• Are you for real? What kind of empty, heartless human refuse do you have to be to criticize someone who brings up the problem of bullying and teen suicide and say they are "highlighting self-mutilating weaklings"? We don't live in some Hollywood movie where the bully is a big, misunderstood idiot who picks on the nerds for the glasses and gets his ass kicked at the end of the movie. Kids these days can be cruel, conniving vermin who target one person and work to ruin their lives. Bullying isn't limited to just the schoolyard any more, but is done through texts, e-mail, and social media. Bullies post horrible rumors online and sic entire gangs of their cohorts into harassing one person with awful statements, even encouraging them to commit suicide. Even parents have jumped on board and driving teens to ending their lives. And you think that it's just a problem of "mutilating weaklings"? You really have no soul.

    • Darkone1

      Seriously I don't find anything that has gone to shit, Silly chick
      Arabs are still the richest people in the world and their countries have crime rate near 0.1 to null and rape and divorce ratio to about 1%. Seriously you are from country that have 80% foreign investment and have 50% of almost every crime known to world. Seriously they have their own rules that are working cuz Your one is shit and stop trolling every one know this. Wait strong words from people (NATO) that just got their ass handed over to them by people (Afghans) that even don't know "How to use weapons?" until they saw them.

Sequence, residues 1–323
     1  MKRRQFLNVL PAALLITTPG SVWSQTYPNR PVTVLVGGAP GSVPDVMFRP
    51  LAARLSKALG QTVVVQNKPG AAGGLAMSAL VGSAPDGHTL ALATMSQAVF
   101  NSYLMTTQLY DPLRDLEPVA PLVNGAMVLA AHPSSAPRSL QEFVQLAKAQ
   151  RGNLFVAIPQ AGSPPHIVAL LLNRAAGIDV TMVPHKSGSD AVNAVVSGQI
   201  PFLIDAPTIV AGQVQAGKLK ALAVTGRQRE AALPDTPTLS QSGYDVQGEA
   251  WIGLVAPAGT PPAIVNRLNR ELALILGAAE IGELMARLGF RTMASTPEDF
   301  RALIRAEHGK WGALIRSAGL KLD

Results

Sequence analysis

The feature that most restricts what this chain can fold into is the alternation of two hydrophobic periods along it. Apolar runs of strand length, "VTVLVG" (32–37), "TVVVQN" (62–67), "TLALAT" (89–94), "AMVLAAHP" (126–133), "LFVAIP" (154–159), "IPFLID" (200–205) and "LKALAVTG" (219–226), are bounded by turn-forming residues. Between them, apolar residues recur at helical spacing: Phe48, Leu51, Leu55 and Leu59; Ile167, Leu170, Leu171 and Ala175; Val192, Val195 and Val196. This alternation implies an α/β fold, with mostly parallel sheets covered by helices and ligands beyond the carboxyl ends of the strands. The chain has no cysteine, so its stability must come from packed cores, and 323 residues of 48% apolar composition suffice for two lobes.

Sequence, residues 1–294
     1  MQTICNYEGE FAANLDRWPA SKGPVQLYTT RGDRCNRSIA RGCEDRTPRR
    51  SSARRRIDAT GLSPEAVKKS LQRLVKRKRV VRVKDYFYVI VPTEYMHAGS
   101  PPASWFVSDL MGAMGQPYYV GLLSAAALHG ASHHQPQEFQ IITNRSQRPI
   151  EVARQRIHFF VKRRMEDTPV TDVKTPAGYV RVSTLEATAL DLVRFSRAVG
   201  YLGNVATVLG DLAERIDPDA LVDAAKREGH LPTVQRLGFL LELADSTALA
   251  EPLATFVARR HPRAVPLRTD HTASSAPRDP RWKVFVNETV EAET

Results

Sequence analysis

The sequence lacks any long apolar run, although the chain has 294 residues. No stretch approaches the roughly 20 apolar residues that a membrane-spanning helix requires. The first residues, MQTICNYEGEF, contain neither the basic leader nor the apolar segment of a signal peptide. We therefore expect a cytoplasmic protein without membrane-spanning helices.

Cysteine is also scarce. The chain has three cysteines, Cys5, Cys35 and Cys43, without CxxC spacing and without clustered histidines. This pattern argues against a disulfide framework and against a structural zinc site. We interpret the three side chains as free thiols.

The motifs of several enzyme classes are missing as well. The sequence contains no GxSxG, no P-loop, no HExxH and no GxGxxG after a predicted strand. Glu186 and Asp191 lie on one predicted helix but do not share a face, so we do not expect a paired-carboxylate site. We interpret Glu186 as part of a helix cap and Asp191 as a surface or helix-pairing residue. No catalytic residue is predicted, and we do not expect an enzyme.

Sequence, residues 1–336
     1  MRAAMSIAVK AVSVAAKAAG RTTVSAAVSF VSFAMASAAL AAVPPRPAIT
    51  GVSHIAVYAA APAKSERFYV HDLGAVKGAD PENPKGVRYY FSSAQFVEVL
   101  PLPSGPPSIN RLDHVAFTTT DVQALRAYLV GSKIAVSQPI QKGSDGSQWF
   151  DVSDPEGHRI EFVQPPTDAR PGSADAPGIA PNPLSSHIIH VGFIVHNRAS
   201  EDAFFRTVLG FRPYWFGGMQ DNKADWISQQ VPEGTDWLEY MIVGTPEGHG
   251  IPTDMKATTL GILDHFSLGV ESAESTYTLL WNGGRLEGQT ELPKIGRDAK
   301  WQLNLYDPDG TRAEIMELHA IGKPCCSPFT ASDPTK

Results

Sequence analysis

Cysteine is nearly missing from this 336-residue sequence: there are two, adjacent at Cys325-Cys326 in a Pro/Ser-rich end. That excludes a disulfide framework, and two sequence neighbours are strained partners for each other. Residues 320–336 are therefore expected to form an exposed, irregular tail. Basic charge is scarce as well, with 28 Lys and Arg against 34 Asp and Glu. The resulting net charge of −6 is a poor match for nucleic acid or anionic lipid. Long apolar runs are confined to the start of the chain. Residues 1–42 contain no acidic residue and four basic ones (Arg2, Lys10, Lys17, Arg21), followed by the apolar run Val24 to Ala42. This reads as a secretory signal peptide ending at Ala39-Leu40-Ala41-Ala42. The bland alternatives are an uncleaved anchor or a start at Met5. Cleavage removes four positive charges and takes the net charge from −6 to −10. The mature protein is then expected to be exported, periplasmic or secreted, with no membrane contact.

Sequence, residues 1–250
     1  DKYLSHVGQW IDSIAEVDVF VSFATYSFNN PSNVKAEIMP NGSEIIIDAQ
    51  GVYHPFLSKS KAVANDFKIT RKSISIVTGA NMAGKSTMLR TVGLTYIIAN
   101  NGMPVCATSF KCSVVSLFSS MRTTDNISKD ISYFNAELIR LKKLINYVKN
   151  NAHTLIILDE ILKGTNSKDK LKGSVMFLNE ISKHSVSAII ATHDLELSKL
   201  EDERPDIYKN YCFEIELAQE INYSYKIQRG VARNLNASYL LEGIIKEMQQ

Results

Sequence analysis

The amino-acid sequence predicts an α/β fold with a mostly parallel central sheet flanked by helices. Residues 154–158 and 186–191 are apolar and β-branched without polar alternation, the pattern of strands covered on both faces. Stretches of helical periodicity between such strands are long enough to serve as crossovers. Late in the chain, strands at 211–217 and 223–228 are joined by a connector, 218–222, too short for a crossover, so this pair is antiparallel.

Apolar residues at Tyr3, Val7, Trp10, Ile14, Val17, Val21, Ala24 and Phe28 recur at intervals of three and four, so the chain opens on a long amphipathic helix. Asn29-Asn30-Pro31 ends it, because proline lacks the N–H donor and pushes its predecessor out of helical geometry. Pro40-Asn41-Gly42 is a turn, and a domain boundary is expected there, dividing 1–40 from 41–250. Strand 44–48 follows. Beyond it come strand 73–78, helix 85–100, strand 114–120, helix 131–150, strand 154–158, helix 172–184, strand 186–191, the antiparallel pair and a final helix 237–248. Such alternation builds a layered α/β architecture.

• Show All
  • TheDevilInside
    I'm sure I have written a take about the do's and don'ts when someone tells you they are depressed. Check out my earlier takes, it won't take you long cause I've only written a few takes
  • FallOutBoy2001
    ... The last picture is literally the most heartbreaking, because it' so true
    Like 2 People
  • Anonymous
    And to be expected centered around women.
    Like 1 Person
    • Sirino22

      It's not centered around women. It's a past experience for me. I understand that boys and girls get bullied just the same. I was just speaking from memories I have. The reason I even wrote this article was because of a story I read about a boy committing suicide.

  • Anonymous
    What we need is better mental health care.

    Some issues are caused by much more than adults not listening. You may have felt innocent at 13, but your poor friend may have had severe depression, or been molested by a relative or beat up, or the beginnings of bipolar disorder. Etc.

    These things take professional help to really overcome. Good intentioned people may just not have what it takes - like asking a teacher to fix your car. The teacher may be very good at his or her job and listen nicely to your car troubles, but only a qualified mechanic can help you actually address them.

    Sadly, mental health care in America is very inaccessible. It's very expensive and most insurance doesn't give it good coverage. Places to go can even be hard to find.

    You sound like you have a warm heart - help guide your good intentions to make a difference!
    Like 2 People